Ada Blackjack
Jennifer Niven
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Buy *Ada Blackjack: A True Story of Survival in the Arctic* online

Ada Blackjack: A True Story of Survival in the Arctic
Jennifer Niven
431 pages
November 2003
rated 4 1/2 of 5 possible stars

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Every once in awhile, a book comes along that takes my breath away, one for which I put off walking the dog, grading my students' papers, even, sometimes, eating. Ada Blackjack is such a book. Not only is it about a heroic Inuit woman that we should all know, but Jennifer Niven's second book is a gem of narrative and descriptive powers. The book is thrilling and chilling, especially since it takes place primarily on Wrangel Island, north of Siberia.

Blackjack (1893? - 1983) was a young Eskimo from Alaska, the only female in a 1921 five-person expedition to Wrangel Island. With four young men from the U.S. and Canada, she lived under unbelievably difficult, freezing conditions for approximately two years. The team also had a team of sled dogs, many of whom perished, and a resident cat.

A divorced mother who hired on as the team's seamstress and cook, Blackjack went somewhat unwillingly. But, as she had a sick son whom she couldn't afford to care for, and had been promised a large sum of money to accompany the expedition, she felt compelled to go. Although a shaman told her to go, she also warned Blackjack of "only death and danger" on the expedition. That Blackjack found, in miles of ice; sixty-one days of total darkness between November and January; towering polar bears (of which she was particularly scared); and the ravaging disease of scurvy from which one of her party, Lorne Knight, died a slow and gruesome death. Ultimately, Ada Blackjack was the only human survivor of the expedition.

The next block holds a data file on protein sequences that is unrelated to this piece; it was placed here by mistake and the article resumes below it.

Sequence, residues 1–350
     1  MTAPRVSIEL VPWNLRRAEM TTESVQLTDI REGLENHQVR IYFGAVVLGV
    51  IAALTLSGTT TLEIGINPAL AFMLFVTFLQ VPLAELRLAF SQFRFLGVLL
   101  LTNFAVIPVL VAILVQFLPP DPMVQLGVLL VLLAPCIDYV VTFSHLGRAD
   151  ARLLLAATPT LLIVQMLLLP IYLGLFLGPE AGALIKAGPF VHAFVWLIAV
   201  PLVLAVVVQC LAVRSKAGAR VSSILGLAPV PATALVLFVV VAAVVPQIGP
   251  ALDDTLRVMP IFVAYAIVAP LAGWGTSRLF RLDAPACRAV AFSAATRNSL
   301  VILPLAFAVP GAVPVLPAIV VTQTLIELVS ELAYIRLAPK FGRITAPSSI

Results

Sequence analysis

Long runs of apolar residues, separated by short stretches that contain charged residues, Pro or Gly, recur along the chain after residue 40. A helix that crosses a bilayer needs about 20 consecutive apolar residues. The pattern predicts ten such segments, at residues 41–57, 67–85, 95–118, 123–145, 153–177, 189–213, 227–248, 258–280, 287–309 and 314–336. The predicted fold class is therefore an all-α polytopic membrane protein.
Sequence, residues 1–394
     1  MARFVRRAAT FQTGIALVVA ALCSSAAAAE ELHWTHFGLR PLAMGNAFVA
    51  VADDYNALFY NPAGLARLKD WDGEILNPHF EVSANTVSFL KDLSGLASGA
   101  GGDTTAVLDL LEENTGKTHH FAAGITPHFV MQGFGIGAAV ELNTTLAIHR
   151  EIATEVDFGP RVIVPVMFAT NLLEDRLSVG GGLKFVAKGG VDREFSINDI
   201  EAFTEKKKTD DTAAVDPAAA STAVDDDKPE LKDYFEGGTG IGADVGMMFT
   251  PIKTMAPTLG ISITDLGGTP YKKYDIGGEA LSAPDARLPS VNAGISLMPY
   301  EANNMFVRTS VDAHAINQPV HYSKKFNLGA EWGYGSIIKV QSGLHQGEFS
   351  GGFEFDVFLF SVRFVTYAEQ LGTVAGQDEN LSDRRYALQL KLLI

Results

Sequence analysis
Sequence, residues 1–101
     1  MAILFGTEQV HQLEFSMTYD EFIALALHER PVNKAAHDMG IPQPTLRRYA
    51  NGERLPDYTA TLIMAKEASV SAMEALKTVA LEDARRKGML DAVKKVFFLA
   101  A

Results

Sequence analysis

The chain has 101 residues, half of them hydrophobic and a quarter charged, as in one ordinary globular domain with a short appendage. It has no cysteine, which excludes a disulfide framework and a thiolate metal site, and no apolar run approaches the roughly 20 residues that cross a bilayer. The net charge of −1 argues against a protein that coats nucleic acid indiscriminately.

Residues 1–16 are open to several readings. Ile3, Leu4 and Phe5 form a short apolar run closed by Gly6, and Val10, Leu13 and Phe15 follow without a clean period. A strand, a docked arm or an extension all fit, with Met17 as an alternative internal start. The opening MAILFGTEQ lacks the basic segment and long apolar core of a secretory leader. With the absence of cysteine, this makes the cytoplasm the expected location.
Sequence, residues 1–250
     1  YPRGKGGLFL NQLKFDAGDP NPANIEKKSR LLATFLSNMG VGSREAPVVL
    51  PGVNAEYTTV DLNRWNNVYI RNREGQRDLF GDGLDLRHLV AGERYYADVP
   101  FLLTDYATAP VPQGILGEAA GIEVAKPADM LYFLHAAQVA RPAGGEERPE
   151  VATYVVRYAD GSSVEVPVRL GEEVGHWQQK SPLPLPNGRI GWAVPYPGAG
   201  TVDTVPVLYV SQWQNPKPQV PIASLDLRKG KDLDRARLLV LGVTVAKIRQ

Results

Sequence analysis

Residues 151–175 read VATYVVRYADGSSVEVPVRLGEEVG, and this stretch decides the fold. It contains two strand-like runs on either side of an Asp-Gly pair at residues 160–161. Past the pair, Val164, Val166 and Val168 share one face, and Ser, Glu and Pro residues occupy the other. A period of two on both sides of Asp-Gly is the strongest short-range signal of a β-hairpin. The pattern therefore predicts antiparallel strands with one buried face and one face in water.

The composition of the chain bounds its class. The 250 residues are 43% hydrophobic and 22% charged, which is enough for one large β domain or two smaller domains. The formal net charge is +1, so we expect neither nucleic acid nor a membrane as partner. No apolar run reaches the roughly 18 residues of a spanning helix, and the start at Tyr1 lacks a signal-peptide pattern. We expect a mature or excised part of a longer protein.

Although when Ada first set foot on Wrangel Island she did not know how to do the more "manly" chores such as making skin boats, chopping wood or killing animals, she taught herself how to do all these things out of necessity -- and became increasingly proud of herself. She was left on her own for the last several months. Like Knight, she developed a touch of scurvy but was able to remain relatively strong until a Russian ship finally came to rescue her (and the only other survivor, the cat, Vic). They took her back home to Nome, her tubercular son and a comparatively warm and comfortable life.

The team of five lived in extremely close quarters, in tents and icehouses. Early on, Ada fantasized about marrying one of the men, but this quickly passed. The relationships between them were amicable if sometimes strained. There was nothing for them to do except survive. The books they brought they read several times over. There was no electricity, no entertainment, the food was often sparse and not nutritious, and the possibility of getting anywhere on the island was extremely limited and dangerous. The dogs, like the adventurers, became weak and tired. They were all often undernourished, and the men had constant aches and pains from dealing with the harsh climate.